Left: An A-6E Intruder of a crack Marine unit, / 3 VMA(AW)-242, popularly called The Bats’.

Grumman А-б Intruder and Prowler

Grumman А-б Intruder and Prowler

Below left: Together with a handful of USAF F-111As the Grumman A-6 series were the only tactical aircraft able to operate at night or in bad weather during the tragic war in Vietnam. These A-6As from USS Constellation are seen each laying down a dozen 1,0001b retarded bombs.

Grumman А-б Intruder and Prowler
Below: A-6A trials aircraft from Naval Ordnance Test Station carrying Condor missile.

Shenyang F-6 bis

F-6bis (NATO code name "Fantan A”)

Origin: State Aircraft Factory. Shenyang, People’s Republic of China. Type: All-weather fighter, attack and reconnaissance aircraft.

Engines: Two axial turbojets with afterburners (see text).

Dimensions (estimated): Span 33ft 5in (10 2m); length 50ft (15-25m); height 11ft (3-35m).

Weights: (estimated) Empty 13,6701b (6200kg): loaded (clean) 20,2851b (9200kg), (maximum) 23,6001b (10,700kg).

Performance (estimated): Maximum speed, clean (sea level) about 760mph (1225km/h. Mach 1), (high altitude) about 1,190mph (191 Okm/h. Mach 1-8): combat radius (hi-lo-hi, two bombs, two tanks) 500 miles (800km).

Armament: Not known, but almost certainly includes internal guns, external stores pylons for tanks and ordnance and comprehensive ECM equipment.

History: First flight, possibly 1968; service delivery, probably early 1970s. Users: People’s Republic of China (AF, Navy), Egypt (?).

Development: Obviously derived from the F-6, the Chinese-built MiG – 19SF, the F-6bis represents the first (enforced) attempt by the Shenyang – based home industry to produce combat aircraft independently. Despite extreme difficulties caused by a lack of industrial backing and skilled labour, the production of nationally developed aircraft was forced on the PRC (People’s Republic of China) by its isolation from technically advanced nations and imminence of the Soviet threat. The excellent qualities of the MiG-19 basic design eventually led to the F-6 being chosen for development in preference to the F-7. the illegally manufactured MiG-21 PF. During the 1960s the Shenyang F-6bis took shape as an enlarged F-6 with lateral inlet ducts feeding direct to the two engines (a Chinese illustration suggests that the mid-wing has been retained, with ducts above and below), leaving the nose free for a large search radar of unknown type. The sketch referred to showed no wing cannon, but the two 30mm NR-30s of the F-6 have probably been retained in view of the great length of inlet duct ahead of the wing, interfering with pilot view. The inlets are apparently simple and non­variable, efficient at low level but limiting high-altitude Mach number. The radar could be a derivative of the "Spin Scan B" as used in later North Vietnamese MiG-21 PF fighters sent via China, but in the author’s opinion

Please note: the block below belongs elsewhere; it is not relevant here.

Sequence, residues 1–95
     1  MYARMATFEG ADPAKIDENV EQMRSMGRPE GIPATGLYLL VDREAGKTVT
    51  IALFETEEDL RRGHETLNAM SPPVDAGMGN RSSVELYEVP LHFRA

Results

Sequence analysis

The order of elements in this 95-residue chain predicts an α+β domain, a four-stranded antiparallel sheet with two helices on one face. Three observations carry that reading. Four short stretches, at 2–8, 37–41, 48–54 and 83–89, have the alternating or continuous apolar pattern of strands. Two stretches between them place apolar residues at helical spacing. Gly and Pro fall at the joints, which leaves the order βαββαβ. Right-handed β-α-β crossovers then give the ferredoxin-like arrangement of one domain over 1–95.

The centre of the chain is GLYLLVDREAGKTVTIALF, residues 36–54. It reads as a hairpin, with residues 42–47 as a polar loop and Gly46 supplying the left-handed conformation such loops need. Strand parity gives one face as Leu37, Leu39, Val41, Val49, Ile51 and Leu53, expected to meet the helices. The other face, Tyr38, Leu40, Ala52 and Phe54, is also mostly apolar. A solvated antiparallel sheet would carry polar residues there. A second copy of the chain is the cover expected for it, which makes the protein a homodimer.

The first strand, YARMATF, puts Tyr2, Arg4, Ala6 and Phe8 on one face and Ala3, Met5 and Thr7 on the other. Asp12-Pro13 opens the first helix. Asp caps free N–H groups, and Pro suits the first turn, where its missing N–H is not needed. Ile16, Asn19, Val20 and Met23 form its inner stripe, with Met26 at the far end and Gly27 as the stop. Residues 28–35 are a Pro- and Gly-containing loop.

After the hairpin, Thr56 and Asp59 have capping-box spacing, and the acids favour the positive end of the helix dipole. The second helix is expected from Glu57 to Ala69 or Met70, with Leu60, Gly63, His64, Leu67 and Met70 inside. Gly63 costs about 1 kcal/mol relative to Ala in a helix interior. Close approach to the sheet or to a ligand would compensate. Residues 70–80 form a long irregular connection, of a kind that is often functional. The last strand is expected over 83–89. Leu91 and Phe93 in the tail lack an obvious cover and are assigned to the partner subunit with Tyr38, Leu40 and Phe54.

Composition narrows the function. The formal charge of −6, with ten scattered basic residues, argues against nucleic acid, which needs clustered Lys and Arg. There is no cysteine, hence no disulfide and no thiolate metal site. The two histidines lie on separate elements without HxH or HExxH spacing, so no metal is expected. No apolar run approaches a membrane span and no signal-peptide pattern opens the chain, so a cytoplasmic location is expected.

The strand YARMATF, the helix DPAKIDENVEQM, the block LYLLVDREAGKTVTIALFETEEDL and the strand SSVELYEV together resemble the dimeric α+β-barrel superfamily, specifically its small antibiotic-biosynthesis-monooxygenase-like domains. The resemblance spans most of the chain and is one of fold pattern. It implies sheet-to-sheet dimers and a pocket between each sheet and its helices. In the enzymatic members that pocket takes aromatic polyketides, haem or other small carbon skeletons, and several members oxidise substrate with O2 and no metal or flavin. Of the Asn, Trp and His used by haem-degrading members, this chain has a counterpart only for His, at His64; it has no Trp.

Shenyang F-6 bis

is more likely to be a copy of the much more powerful AWG-10 or APQ-109 fitted to Phantoms of the late 1960s. Whether the PRC has also copied Sparrow and/or Sidewinder is problematical.

In his Fiscal Year 1977 report the US SecDef (then Donald Rumsfeld) described the "Fantan-A" as a principal tactical aircraft of the PRC Navy: earlier it was known to be in service with the PRCAF. Compared with the F-6 it should be a considerably more effective machine, provided engine power has risen at least in proportion to the weight. Some Western reports suggest that the engines are the Tumansky RD-9B-811. of 8.270lb (3750kg) maximum thrust: in the author’s view an equally plausible possibility is that the bigger and more powerful R-11 engine of the F-7 (13,1201b, 5950kg) could have been chosen. Indeed use of this engine in the F-9 might in some degree explain the early termination of Chinese production of the F-7. As this book went to press little is known of the F-6bis and it could even be subject to severe problems and limitations. It should in any case not be confused with the entirely different combat aircraft (believed to be a twin – engined delta) which will be powered by the Chinese-assembled Rolls – Royce Spey.

Below left: A line-up of F-6bis attack aircraft of the Air Force of the People’s Liberation Army of China.

Below: Bombs falling from the wing pylons of an F-6bis which also appears to have open weapon-bay doors (also seen at left).